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Homework Help: Laplace's Equation in Cylindrical Coordinates

  1. Feb 16, 2008 #1


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    1. The problem statement, all variables and given/known data
    A long copper pipe, with it's axis on the z axis, is cut in half and the two halves are insulated. One half is held at 0V, the other at 9V. Find the potential everywhere in space.

    2. Relevant equations


    3. The attempt at a solution

    Alright. This is a laplace's equation problem in two dimensions, since the potential should be independent of z because the pipe is infinite. Using separation of variables( [tex]V=R\Phi[/tex]) the solution to the two dimensional Laplace's EQ in cylindrical coordinates is:


    [tex]\Phi(\phi)=A\sin(k\phi) + B\cos(k\phi)[/tex]

    w/ [tex]V=R(r)\Phi(\phi)[/tex]

    I am getting confused when I try to apply boundary conditions to this problem. Here is what I think the boundary conditions should be:

    1) V should go to zero as r goes to infinity. (I don't think this is right, since the pipe is infinite, but I am not sure.)

    2)V=0 for phi between 0 and pi, r=radius of pipe

    3)V=9 for phi between 0 and 2pi, r=radius of pipe.

    I can't figure out how to actually use these to eliminate any of the constants. Any help and hints would be greatly appreciated.
  2. jcsd
  3. Feb 16, 2008 #2
    First of all you have to break the problem into two regions [itex]V_{in}[/itex] inside the pipe and [itex]V_{out}[/itex] outside the pipe. In order for [itex]V[/itex] to be finite to each region you can eleminate [itex]\alpha[/itex] or [itex]\beta[/itex] in eah region.
    The potential [itex]V[/itex] must be periodical for [itex]\phi[/itex] thus you know [itex]k[/itex].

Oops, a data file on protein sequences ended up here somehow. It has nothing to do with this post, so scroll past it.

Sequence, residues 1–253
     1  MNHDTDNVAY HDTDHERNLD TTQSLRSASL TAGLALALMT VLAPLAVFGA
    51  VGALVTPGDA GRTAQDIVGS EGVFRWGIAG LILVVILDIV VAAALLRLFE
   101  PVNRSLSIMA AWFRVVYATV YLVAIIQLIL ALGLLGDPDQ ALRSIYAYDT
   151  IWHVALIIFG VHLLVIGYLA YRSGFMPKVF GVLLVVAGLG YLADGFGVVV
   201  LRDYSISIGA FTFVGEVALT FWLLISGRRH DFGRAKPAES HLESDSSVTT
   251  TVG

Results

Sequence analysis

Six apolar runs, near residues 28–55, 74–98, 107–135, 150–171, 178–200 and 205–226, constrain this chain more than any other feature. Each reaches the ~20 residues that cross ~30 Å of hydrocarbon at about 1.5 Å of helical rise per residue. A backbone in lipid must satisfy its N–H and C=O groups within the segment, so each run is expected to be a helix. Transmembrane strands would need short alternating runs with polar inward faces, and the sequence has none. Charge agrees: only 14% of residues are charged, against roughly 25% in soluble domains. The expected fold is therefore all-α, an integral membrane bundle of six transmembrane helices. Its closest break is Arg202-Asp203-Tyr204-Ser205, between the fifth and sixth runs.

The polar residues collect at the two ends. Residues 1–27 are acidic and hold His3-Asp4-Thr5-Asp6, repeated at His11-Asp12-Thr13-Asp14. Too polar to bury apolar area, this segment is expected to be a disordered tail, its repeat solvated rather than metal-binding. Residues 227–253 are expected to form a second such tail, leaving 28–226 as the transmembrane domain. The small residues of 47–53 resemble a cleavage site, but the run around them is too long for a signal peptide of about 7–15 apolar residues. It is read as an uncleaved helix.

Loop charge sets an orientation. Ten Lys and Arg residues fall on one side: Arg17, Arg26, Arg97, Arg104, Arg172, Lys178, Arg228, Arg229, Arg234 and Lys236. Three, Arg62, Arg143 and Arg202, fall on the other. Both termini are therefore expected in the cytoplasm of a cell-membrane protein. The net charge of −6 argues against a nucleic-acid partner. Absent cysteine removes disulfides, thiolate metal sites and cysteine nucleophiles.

Lastly you have to use the superposition principle and Fourier analysis for the remaining constants.
  4. Feb 16, 2008 #3


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    OK. It seems the part screwing me up is finding k. The potential is periodic in Phi, but it seems more like a step function. I guess I'm saying that I don't understand how can represent that potential as a sine or cosine term, no matter what k happens to be.

    Could you elaborate on that part of the problem?
  5. Feb 16, 2008 #4
    Since the potential must be periodic in [itex]\phi[/itex] you must have [itex]k\in \mathbb{N}[/itex]. Thus the solution is

    [tex]V_{in}(r,\phi)=\frac{A_0}{2}+\sum_{n=1}^\infty r^n\left(A_n\,\cos(n\,\phi)+B_n\,\sin(n\,\phi)\right)[/tex]

    The boundrary conditions read

    [tex]u(R,\phi)=\left\{\begin{matrix} 0 & 0<\phi<\pi\cr 9 & \pi<\phi<2\,\pi \end{matrix}[/tex]

    The constants [itex]A_n,\,B_n[/itex] can be found by Fourier analysis. Can you do that?
  6. Feb 16, 2008 #5


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    Yes, I am fine with Fourier analysis. The boundary condition were just confusing the heck out of me. I don't quite no why either. I guess I just did not recognize that I had to use fourier anaylsis. Thank you! I think I got it now.
    Last edited: Feb 16, 2008
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